Deborah Persaud wins award for AIDS research

Dr. Deborah Persaud.
AP Photo/Johns Hopkins Medicine
AP Photo/Johns Hopkins Medicine

The Guyanese community salutes Dr. Deborah Persaud, scientist and clinician who was the sole recipient of the 2013 prestigious Elizabeth Glaser Scientist Award presented to her by the Pediatric AIDS Foundation her breakthrough research in pediatric HIV/AIDS.

Persaud who was born in Guyana, will use the $700,000 prize money to better understand her work in drug-resistant HIV in children in the United States and around the world, according to the Dome Publication.

It was reported that the infectious disease associate professor and her team at John’s Hopkins Hospital in Baltimore, Maryland made a stunning discovery that a baby that was born with HIV, was cured of the disease. Her findings show that the Mississippi child, now 2 ½ years old has been off of medication for one year and test show that the virus is no longer in her blood.

Dr. Persaud who was hailed as one of the best and brightest AIDS researchers in the field today, led the research that deemed the child “functionally cured,” meaning in long-term remission even if all traces of the virus have not been completely eradicated, said the report.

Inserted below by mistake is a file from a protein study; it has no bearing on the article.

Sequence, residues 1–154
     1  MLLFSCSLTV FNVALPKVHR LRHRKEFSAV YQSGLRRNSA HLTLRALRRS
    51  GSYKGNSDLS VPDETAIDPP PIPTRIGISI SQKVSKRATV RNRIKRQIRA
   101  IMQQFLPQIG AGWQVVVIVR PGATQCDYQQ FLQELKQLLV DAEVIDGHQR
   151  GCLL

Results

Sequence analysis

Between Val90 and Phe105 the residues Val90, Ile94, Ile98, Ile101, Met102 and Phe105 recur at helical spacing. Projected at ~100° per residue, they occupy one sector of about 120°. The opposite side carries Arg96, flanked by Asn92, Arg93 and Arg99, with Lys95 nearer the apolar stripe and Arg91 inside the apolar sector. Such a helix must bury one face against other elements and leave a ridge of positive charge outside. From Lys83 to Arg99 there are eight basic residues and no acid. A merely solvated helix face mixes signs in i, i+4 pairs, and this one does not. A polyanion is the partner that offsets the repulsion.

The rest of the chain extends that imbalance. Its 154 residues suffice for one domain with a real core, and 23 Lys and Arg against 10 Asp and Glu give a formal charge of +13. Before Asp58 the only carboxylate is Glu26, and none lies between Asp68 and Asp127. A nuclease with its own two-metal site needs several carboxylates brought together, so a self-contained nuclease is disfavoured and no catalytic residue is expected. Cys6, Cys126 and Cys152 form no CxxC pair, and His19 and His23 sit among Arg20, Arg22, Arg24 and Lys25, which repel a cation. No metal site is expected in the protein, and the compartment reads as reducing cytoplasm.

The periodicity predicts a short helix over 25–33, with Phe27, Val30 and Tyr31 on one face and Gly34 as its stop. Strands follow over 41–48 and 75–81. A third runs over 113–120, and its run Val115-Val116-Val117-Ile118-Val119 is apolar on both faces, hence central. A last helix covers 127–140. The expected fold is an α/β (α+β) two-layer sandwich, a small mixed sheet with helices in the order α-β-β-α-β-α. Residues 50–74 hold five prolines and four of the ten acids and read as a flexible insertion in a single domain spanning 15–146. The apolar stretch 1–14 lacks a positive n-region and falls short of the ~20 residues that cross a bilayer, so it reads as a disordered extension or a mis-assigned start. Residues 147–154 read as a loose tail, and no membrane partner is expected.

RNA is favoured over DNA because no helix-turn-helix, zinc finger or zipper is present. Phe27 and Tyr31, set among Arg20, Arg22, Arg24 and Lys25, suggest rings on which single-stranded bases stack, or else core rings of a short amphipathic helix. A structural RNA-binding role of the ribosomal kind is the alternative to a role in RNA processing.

Specialists say the recent announcement, at a major AIDS meeting in Atlanta, offers promising clues for efforts to eliminate HIV infection in children, especially in AIDS-plagued African countries where too many babies are born with the virus.

“It’s proof of principle that we can cure HIV infection if we can replicate this case.” Said Persaud.

According to reports, the 40-year-old doctor, overcame incredible odds, after her parents divorced when she was 10 years. At the age of 21, she join her mother in Bushwick, Brooklyn and after completing high school and York College, she was accepted to NYU Medical School and Columbia-Presbyterian where she completed her pediatric residency.

Persaud refers to herself as the “American dream.”

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